To maintain a Unitary Patent, the patent proprietor will have to pay annual renewal fees. Whereas, for classic European patents, several renewal fees, which may vary in amount, have to be paid to different national patent offices operating under different legal requirements, in particular in terms of their deadlines, Unitary Patent proprietors will pay one single renewal fee to the EPO, in one currency and under a single legal regime as regards deadlines and admissible means of payment. This will greatly simplify matters for users.
Fees will be payable to the EPO – in euros – by payment or transfer to a bank account held by the EPO, or by debiting a deposit account held with the EPO. Holders of EPO deposit accounts will also be able to use the EPO's Online Fee Payment service. Any person will be able to pay fees; there will be no need to use a representative.
The renewal fees have been set at a very business-friendly level, corresponding to the combined renewal fees due in the four countries where European patents were most often validated in 2015, when the fee level was agreed by the Select Committee (Germany, France, United Kingdom and the Netherlands).
The fee level is particularly attractive in the early years, with annual fees for maintaining a Unitary Patent for ten years – the current average lifetime of a European patent – amounting to less than EUR 5 000.
|Year ||Unitary Patent (EUR) ||26 member states (EUR)*|
* Based on national renewal fees as at 1 January 2017.
A comparison of the overall costs of a Unitary Patent with those of a classic European patent should consider not only the fees but also the costs associated with the validation and maintenance of a classic European patent. These costs can be considerable and typically include translation costs incurred for validations and the publication fees payable to the various national patent offices, as well as the fees charged by attorneys or other service providers for validation and the payment of national renewal fees.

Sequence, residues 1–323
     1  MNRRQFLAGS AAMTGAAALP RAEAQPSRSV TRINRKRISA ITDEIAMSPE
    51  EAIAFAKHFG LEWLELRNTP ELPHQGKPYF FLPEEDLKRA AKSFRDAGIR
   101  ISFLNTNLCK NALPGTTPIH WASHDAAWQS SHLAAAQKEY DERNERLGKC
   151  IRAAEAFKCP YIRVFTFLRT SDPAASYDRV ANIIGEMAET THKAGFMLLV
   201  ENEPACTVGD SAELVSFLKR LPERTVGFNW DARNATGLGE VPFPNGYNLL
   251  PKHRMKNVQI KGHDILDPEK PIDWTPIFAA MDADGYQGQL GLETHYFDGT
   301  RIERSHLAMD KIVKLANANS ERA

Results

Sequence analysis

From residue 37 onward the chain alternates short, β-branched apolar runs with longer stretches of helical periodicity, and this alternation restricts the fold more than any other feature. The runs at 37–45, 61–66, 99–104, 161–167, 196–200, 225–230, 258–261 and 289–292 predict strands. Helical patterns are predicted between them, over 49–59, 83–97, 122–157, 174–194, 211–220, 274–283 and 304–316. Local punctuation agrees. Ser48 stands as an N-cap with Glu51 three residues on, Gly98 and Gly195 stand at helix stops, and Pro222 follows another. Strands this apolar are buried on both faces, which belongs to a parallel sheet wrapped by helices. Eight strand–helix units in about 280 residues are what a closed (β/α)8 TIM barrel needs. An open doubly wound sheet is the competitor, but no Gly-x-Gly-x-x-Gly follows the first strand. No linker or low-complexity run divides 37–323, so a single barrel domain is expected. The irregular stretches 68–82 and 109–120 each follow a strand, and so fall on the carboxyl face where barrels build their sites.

Based on such a comparison of the overall costs, a Unitary Patent will be less expensive than a European patent validated and maintained in four of the 26 Member States participating in the Unitary Patent system, four being the average number of those countries in which European patents are validated at present. Consequently, the more countries a classic European patent would have been validated in, the more cost-effective a Unitary Patent will be.
For example, the overall costs incurred for a European patent validated in the four countries where patents are currently most often validated (Germany, France, the United Kingdom and Italy) and maintained for 12 years can amount to EUR 11 850 (estimate based on sample information collected from patent attorneys; with specialised service providers the transactional costs are likely to be somewhat lower).
Although the renewal fees for a Unitary Patent for the same period will be slightly higher, the transactional costs will be lower, bringing the overall cost down to EUR 11 260, which amounts to a 5% saving on the cost of a classic European Patent. That saving will increase to 8% for patents maintained for 15 years.
|Unitary Patent (UP)||Classic European patent (EP) validated and maintained in DE, FR, GB and IT
|Total official fees for years 5-10||4 400||3 745|
|Total external costs* for years 5-10||3 000||3 855|
|Total cost up to year 10||7 400||7 600|
|difference UP vs EP: EUR -200 = -3%|
|Total official fees for years 5-12||7 635||6 585|
|Total external costs* years 5-12||3 625||5 265|
|Total cost up to year 12||11 260||11 850|
|difference UP vs EP: EUR -590 = -5%|
|Total official fees for years 5-15||15 025||13 345|
|Total external costs* for years 5-15||5 105||8 645|
|Total cost up to year 15||20 130||21 990|
|difference UP vs EP: EUR -1 860 = -8%|
|Total official fees for years 5-20||35 270||30 750|
|Total external costs* years 5-20||9 150||17 350|
|Total costs up to year 20||44 420||48 100|
|difference UP vs EP: EUR -3 680 = -8%|
* Attorney costs: translation (24 pages), validation and maintenance of a European patent granted during the 4th year after filing of the application.